(Photo : Christianity Daily)
(From left to right: Ken Kong, Director of Southeast Asian Catalyst; Annika Yeo, the Director of Public Relations of BIC Mission; Reverend Younghee Chung, the senior pastor of Wilshire United Methodist Church; Hyepin Im, the CEO of KCCD; Paul Chang, the Regional Advisor of the White House Initiative on AAPI; Reverend John Jongdai Park, the Chairman of the Board of KCCD; Reverend Timothy Park, the associate pastor of Glory Church of Jesus Christ; and Deborah Kwak, a retired banker and previous attendee of the LTC Summit)

Korean Churches for Community Development (KCCD) will be hosting its 8th annual Lighting the Community (LTC) Summit in Washington, D.C. from May 18 to 20. The summit focuses on providing opportunities for Asian American Pacific Islander (AAPI) Christian leaders to learn how to leverage resources and partner with political and business leaders to better serve the community. Hence, the attendees' backgrounds range from ministerial positions to individuals involved in governmental agencies.

Last year's summit was attended by some 180 AAPI leaders representing 5 million constituents, according to Hyepin Im, the CEO and founder of KCCD.

"We as AAPI Christian leaders have been active through evangelism, global missions, and direct service," Im stated. "Yet our voice and presence have been missing at the local and national front due to marginalization and our own disengagement. As a result, our communities have been undeserved and overlooked in services and resources ... Now is the time to unite our voices, strengthen our influence, and shine our light on America."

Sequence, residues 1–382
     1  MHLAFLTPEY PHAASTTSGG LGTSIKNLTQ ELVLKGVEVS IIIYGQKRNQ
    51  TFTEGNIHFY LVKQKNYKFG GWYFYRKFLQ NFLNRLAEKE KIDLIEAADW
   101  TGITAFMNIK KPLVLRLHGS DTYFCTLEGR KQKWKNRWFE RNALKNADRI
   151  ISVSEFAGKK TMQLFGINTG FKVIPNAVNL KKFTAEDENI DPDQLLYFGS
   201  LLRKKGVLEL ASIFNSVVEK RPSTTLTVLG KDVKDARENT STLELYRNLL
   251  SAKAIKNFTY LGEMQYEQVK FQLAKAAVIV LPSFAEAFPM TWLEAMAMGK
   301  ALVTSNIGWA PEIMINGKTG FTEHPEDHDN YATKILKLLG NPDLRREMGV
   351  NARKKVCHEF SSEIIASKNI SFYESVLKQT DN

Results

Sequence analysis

This year's summit in particular will be the second time that KCCD and summit attendees will be able to participate in a White House briefing, in which the needs and concerns of the Asian American Pacific Islander (AAPI) community will be discussed with White House officials.

"This year, as the second White House briefing, we're expecting see further progress being made for the AAPI community, as the White House is now more aware of our needs, and the organizers are better prepared as well," Im said.

During this year's White House briefing, KCCD hopes to bring up issues such as mental health, small business interests, food service programs, the situation in North Korea, and also advocate for a representative of the White House Office of Public Engagement solely dedicated to the AAPI community, just as there are single representatives for other ethnic communities.

"I enjoy what KCCD does for the community because everything KCCD does is actually what the White House Initiative on AAPI aims to do," said Paul Chang, the Regional Advisor for the White House Initiative on AAPI, "which is allocating government resources to the AAPI community."

"Please bring whatever issues you are facing to us, and we'd love to see how the government can help," Chang added.

Another feature of the summit is the invitation of what KCCD calls 'Young Ambassadors,' students who apply and are selected to join in the summit. This year, for the first time, the Young Ambassadors program is also open to high schoolers. About 15 Young Ambassadors were selected last year.

This year's summit will feature speakers including Melissa Rogers from the White House Office of Faith-Based and Neighborhood Partnerships; Grace Han Wolf, Councilmember of Herndown Town Council in Virginia; and Joshua Dickson from the U.S. Department of Commerce's Center for Faith-Based and Neighborhood Partnerships.

Others who were featured in past summits and are part of the honorary committee for this year's summit include Mike Honda, a U.S. Congressmember of California representing the 17th District; and Judy Chu, a U.S. Congressmember of California representing the 27th District.

Registration is $225 by the early bird deadline on April 17, and $250 thereafter. On-site registration is $295. For more information, visit www.aapifaithalliance.org.